3. A strong team is invaluable. Both jobs call for new blood to bring energy and fresh perspectives. Experienced team members and leaders bring wisdom and guidance to direct new passions. In the military, a fresh-eyed private is excited and ready to prove himself. The wisdom of experienced sergeants or officers is there to help guide the private and his efforts to remain safe and be an effective member of the team. For beginning teachers, the excitement of reaching kids in new ways often puts a new spin on old practices. The expert advice and support of mentors and other teachers helps to add depth to those inspiring lessons. Experienced teachers are there to reassure new teachers after a less-than perfect day. Being a part of an effective team makes us all stronger. Because the strength of the team helps us achieve our goals, it’s easy to see why high standards are the norm for teachers and service members.

4. People hold you to a higher standard. Marines are taught that a Marine is always on duty, while upholding the highest standards of integrity and civility. I’ve seen Marines get in trouble for the appearance of unprofessional behavior, such as being impolite to civilians, even when they are technically off duty or even off base. These rules also apply to teachers, and even legal behavior does not always meet the standards of professionalism a teacher should uphold. Because of the inherent status as a role model, good teachers are careful about social media posts and public behavior. Effective teachers model professional behavior at all times.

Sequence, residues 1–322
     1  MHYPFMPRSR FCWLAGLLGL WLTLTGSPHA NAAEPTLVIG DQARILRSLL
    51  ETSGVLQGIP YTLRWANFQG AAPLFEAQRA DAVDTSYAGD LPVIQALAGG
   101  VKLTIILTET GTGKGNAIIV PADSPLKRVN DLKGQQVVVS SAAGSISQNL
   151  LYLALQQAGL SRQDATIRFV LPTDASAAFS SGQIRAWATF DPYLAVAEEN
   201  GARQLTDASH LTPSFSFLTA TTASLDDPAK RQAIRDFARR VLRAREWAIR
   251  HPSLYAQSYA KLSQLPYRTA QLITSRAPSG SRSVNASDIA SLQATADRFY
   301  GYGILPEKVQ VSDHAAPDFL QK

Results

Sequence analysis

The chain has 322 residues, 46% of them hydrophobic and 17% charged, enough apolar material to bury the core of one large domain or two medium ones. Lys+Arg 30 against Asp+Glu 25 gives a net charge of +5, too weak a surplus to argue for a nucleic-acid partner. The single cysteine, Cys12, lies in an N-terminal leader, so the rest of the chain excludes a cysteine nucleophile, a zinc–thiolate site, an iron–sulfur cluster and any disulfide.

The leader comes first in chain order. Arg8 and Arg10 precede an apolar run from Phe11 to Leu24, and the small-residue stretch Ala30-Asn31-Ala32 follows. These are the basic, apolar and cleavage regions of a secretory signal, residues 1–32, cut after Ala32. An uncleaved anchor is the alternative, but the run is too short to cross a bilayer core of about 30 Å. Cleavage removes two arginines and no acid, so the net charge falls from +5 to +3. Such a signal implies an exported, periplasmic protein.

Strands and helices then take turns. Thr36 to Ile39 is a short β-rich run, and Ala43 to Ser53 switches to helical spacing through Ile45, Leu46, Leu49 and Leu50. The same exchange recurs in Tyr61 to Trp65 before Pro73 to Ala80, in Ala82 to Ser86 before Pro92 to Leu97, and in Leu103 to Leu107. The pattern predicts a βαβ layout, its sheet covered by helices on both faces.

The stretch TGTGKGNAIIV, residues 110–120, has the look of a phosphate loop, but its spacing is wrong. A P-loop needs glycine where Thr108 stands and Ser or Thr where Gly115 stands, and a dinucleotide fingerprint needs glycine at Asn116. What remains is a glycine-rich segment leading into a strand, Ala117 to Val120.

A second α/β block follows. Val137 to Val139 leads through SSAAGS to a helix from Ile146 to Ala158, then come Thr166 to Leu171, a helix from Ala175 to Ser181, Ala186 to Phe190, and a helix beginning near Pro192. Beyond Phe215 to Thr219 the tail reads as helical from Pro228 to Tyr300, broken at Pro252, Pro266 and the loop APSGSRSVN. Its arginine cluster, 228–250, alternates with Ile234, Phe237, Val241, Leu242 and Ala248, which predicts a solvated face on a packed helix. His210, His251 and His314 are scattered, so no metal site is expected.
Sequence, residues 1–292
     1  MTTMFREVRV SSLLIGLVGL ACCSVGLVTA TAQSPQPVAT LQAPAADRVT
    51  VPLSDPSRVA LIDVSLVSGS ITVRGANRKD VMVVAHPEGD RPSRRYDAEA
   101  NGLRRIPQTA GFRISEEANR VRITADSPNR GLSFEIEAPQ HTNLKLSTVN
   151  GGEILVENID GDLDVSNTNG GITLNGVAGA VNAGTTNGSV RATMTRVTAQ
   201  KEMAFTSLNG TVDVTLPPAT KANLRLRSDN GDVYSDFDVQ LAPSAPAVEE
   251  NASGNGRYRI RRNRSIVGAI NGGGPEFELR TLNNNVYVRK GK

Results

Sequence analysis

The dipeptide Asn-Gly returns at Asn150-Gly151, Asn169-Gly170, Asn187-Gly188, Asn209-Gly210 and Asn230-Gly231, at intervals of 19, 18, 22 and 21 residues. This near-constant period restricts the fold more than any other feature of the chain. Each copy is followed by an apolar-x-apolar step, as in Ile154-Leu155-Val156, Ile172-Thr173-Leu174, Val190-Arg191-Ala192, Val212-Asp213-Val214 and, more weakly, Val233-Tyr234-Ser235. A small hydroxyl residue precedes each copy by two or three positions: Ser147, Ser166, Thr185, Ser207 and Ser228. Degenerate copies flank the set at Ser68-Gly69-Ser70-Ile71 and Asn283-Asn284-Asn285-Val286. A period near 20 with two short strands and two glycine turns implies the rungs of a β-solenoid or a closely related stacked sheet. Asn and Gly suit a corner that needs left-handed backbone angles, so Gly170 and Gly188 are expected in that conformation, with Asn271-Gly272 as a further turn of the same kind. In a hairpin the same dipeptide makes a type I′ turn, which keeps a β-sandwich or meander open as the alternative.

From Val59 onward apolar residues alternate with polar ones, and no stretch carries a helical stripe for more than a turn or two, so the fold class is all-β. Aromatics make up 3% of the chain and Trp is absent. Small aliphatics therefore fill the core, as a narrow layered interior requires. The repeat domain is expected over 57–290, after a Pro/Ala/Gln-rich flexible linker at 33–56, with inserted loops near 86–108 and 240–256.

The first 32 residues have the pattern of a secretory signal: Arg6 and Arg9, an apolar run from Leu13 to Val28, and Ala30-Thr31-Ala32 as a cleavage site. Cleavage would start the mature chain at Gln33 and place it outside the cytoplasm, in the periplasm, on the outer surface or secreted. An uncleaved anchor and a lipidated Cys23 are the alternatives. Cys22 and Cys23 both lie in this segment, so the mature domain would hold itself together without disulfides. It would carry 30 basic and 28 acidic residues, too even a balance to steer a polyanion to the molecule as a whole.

5. The job isn’t based solely on monetary compensation. In the military, it is hard to find a reasonable salary for someone who voluntarily places her life on the line to protect the greater good. For educators, it is almost a requirement to work CEO hours for junior employee pay. Teachers believe the work is too important not to approach it with passion and purpose. Despite the sometimes misguided political decisions about compensation, benefits, and working conditions of public servants, our work is incredibly important.

6. Clear standards and consistency across borders create stability and security. Whenever a service member steps foot on a new base, he knows there are orders, processes, and rules which do not change. These processes give a sense of security. This certainty also extends to family members of an active duty person. Until recently, the certainty of military dependents did not extend to school systems. Standards varied wildly from state to state, and a move between districts meant cultural changes and curriculum changes. I am glad we are now moving towards removing this type of uncertainty with the Common Core State Standards. Clear standards of what each student should know and be able to do at each grade level help to make sure all students receive the same high quality education across the U.S.

So there you have it, my take on the similarities between military life and “teacher life.” Other similarities between active duty and teaching include:

  • the need for situational awareness (or the need to have eyes in the back of my head);
  • spectacularly sensational (and wrong) portrayals of my job on the big screen; and
  • the need to realize my everyday actions greatly affect people outside of my immediate family and myself.

I still push myself and those left in my care to be our personal best.

Lastly, I’m proud to work with so many people who stress over how our children are treated, cared for, and educated. I work with people who literally stay up late and wake up early to reach every child they can every day. I’m not sure if I’m anything special, but I am happy to say I still work with heroes.


This content is provided by our sponsor. It is not written by and does not necessarily reflect the views of Education Week's editorial staff.